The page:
Leading change

Change is inevitable, growth is optional

The best way to cope with change is to help create it​

Organizational change can have many different drivers or banners: total quality management, reengineering, right sizing, restructuring, cultural change, and turnaround. But, in almost every case, the basic goal is the same: to make fundamental changes in how business is conducted in order to help cope with a new, more challenging market environment.​


Only few of the corporate change efforts are very successful. Many turn out to be utter failures. Most fall somewhere in between, with a distinct tilt toward the lower end of the scale.

The lessons that can be drawn are interesting and will probably be relevant to even more organizations in the increasingly competitive business environment of the coming decade.​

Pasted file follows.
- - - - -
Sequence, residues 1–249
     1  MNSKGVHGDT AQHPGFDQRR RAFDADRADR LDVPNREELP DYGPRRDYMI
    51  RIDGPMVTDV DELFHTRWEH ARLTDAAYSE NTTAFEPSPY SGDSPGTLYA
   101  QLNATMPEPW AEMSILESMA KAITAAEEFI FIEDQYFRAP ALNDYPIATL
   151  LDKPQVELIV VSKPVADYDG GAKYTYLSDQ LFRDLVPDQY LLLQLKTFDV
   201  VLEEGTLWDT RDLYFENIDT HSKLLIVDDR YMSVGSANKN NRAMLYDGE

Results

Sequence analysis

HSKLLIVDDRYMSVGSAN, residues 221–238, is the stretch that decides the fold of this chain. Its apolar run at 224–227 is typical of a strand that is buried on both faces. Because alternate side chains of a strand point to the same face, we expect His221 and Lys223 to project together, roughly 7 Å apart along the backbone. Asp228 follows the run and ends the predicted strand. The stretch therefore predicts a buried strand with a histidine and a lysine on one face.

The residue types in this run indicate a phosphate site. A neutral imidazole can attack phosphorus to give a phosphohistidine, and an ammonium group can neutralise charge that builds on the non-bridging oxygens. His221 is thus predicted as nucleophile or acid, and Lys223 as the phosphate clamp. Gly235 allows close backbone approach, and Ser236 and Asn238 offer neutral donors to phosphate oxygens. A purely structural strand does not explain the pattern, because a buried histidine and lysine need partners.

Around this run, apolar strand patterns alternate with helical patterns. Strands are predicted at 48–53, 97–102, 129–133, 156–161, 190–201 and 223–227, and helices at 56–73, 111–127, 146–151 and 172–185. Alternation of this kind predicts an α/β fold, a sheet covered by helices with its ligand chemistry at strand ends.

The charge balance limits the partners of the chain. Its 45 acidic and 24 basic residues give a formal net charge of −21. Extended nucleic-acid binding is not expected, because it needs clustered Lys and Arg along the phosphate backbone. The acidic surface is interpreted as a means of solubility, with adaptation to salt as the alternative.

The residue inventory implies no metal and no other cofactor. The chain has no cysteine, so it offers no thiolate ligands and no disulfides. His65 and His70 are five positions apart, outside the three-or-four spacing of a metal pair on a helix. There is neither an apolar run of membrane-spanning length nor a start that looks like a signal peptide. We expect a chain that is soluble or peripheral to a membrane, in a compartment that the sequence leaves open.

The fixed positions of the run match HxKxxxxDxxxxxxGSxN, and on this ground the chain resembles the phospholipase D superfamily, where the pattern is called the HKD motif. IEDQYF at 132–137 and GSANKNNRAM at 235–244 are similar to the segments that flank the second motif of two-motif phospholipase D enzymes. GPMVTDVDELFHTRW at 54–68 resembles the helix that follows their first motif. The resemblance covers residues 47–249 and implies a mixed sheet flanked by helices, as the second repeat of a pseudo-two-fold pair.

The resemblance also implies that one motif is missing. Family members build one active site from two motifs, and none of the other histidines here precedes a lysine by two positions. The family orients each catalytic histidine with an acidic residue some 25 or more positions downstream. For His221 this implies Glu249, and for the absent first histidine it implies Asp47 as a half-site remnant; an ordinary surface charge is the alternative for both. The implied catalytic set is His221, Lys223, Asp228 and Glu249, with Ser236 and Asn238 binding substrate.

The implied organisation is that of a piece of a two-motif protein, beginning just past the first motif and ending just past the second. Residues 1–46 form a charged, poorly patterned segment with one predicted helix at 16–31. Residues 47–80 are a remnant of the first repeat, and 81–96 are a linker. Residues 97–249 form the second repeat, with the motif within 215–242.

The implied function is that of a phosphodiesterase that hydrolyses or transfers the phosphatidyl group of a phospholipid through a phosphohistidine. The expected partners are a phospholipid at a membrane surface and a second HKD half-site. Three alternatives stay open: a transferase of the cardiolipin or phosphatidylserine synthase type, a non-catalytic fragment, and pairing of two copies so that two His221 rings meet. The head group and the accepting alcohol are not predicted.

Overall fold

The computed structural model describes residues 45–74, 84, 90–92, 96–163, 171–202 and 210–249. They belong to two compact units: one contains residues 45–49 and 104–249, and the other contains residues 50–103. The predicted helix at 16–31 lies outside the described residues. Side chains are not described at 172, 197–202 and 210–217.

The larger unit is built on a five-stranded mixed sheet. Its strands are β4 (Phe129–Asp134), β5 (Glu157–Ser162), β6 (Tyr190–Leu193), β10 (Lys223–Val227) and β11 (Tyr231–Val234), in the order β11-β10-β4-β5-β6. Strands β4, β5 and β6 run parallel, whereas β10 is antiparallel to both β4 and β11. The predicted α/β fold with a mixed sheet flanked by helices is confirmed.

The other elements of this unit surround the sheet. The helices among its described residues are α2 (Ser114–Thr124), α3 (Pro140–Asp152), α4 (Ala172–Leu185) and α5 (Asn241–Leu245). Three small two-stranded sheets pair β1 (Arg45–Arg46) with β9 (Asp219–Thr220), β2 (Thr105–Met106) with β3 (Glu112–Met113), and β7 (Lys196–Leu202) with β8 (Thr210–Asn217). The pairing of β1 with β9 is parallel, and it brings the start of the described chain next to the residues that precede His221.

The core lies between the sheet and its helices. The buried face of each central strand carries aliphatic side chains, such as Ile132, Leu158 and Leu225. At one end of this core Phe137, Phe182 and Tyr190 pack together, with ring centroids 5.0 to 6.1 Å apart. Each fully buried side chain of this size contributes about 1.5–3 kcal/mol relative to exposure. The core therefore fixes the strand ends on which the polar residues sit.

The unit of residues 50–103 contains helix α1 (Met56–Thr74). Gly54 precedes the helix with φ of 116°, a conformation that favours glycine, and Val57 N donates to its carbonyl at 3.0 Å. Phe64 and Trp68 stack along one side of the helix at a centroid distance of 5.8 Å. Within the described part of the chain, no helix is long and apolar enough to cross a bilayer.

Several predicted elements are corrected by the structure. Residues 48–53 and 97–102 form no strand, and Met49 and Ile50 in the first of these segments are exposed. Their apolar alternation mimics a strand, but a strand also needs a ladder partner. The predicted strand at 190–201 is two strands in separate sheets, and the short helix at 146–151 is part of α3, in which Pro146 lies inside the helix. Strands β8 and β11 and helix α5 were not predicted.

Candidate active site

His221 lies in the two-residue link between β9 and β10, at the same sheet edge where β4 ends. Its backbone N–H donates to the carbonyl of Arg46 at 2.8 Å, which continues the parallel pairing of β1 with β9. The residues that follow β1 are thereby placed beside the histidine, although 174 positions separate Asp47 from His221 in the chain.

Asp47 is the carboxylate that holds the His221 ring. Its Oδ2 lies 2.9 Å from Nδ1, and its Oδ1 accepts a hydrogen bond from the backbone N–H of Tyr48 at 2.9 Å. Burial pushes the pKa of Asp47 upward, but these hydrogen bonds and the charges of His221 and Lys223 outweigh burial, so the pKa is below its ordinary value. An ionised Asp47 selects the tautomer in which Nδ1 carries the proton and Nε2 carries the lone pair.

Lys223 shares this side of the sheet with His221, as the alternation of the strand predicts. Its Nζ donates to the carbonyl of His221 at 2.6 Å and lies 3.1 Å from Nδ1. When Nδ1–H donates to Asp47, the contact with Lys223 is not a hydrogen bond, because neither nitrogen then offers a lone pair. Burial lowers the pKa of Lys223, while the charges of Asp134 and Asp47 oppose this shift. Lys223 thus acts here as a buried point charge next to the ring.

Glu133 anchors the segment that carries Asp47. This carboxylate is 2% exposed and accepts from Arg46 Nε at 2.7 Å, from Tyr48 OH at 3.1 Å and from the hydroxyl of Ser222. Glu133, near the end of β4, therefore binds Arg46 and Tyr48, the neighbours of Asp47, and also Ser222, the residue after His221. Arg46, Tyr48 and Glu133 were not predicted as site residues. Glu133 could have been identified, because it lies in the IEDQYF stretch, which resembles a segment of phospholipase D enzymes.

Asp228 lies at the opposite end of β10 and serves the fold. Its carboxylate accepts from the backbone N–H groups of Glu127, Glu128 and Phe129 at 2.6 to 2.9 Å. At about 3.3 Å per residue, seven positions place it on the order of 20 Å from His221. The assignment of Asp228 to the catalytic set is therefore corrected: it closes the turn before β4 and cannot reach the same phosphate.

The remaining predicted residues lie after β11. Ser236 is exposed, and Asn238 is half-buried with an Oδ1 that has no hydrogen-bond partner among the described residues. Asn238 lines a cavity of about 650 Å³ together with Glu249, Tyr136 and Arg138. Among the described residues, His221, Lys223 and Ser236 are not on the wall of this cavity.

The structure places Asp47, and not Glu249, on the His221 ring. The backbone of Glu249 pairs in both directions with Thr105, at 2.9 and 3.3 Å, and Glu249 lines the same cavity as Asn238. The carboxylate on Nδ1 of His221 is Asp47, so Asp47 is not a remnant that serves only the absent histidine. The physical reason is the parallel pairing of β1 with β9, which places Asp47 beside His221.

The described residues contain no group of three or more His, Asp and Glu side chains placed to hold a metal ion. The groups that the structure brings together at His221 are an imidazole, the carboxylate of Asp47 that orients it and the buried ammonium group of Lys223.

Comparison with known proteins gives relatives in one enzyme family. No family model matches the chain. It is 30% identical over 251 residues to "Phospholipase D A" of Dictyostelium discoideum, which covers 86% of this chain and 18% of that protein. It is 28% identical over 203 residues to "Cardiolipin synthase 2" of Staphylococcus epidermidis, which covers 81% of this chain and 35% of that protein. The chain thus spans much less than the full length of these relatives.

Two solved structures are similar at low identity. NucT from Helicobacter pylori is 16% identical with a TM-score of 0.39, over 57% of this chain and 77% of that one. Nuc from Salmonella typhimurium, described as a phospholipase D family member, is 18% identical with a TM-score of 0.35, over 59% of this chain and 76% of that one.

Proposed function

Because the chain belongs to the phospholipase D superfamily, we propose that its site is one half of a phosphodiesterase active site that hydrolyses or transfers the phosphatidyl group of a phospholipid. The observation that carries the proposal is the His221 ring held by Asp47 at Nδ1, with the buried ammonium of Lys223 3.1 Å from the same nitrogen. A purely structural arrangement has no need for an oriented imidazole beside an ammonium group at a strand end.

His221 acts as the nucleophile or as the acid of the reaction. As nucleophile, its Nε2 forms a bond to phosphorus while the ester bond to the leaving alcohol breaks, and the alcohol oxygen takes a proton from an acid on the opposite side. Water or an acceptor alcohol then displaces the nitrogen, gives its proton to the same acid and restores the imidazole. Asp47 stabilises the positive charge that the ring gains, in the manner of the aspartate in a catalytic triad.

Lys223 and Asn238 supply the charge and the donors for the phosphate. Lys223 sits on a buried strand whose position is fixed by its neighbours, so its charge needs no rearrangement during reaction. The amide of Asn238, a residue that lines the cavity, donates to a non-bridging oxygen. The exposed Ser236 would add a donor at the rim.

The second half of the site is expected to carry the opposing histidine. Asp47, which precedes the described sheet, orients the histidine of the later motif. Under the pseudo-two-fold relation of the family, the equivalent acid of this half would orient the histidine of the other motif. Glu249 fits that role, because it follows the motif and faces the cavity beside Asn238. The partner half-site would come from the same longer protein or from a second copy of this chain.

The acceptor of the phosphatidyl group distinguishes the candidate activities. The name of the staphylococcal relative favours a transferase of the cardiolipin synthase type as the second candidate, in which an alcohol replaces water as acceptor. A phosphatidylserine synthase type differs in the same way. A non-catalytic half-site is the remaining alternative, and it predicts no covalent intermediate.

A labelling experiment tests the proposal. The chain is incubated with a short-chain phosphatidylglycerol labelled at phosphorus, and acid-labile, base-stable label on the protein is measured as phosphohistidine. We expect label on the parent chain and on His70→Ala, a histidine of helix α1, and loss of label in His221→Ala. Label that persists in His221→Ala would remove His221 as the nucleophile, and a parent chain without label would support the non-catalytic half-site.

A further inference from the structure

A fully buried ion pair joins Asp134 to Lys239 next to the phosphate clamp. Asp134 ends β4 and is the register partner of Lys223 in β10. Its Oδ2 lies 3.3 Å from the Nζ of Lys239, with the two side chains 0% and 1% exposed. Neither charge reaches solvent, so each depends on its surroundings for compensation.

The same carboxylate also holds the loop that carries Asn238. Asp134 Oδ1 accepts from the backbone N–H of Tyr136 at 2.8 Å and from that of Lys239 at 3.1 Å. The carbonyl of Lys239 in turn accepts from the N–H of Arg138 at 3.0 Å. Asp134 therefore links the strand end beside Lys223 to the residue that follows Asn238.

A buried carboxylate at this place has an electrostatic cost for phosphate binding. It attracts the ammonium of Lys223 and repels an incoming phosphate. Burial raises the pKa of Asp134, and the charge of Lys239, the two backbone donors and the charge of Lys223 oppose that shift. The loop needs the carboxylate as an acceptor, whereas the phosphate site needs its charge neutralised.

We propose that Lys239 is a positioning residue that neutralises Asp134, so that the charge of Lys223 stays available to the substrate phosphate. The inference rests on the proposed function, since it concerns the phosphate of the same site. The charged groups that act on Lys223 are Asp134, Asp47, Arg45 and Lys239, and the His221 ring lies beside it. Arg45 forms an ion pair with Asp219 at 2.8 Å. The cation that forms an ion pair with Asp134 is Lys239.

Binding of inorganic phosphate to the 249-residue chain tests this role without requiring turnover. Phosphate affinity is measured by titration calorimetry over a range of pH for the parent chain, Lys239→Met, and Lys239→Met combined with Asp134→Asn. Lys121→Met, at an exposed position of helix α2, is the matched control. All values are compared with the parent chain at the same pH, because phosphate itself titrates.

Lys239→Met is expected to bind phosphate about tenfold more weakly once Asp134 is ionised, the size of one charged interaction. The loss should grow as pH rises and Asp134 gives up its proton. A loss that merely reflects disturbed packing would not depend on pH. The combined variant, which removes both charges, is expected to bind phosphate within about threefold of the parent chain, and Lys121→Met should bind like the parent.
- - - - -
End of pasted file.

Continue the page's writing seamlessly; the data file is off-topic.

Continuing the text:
The most general lesson to be learned from the more successful cases is that the change process goes through a series of phases that, in total, usually require a considerable length of time.

Avoid shortcuts

Skipping steps creates only the illusion of speed and never produces a satisfying result. A second very general lesson is that critical mistakes in any of the phases can have a devastating impact, slowing momentum and negating hard-won gains.

Perhaps because we have relatively little experience in renewing organizations,
even very capable people often make at least one big error.

We share these insights John Kotter wrote in his book ourselves and in addition we found out that the change absorption capacity of the organization is an additional factor to take into account when leading change. Understand – and even better, measure – what the organization can handle in terms of extra work during a change process.​

Do you want to know more on how PEER can assist your organization at leading change? Feel free to contact us!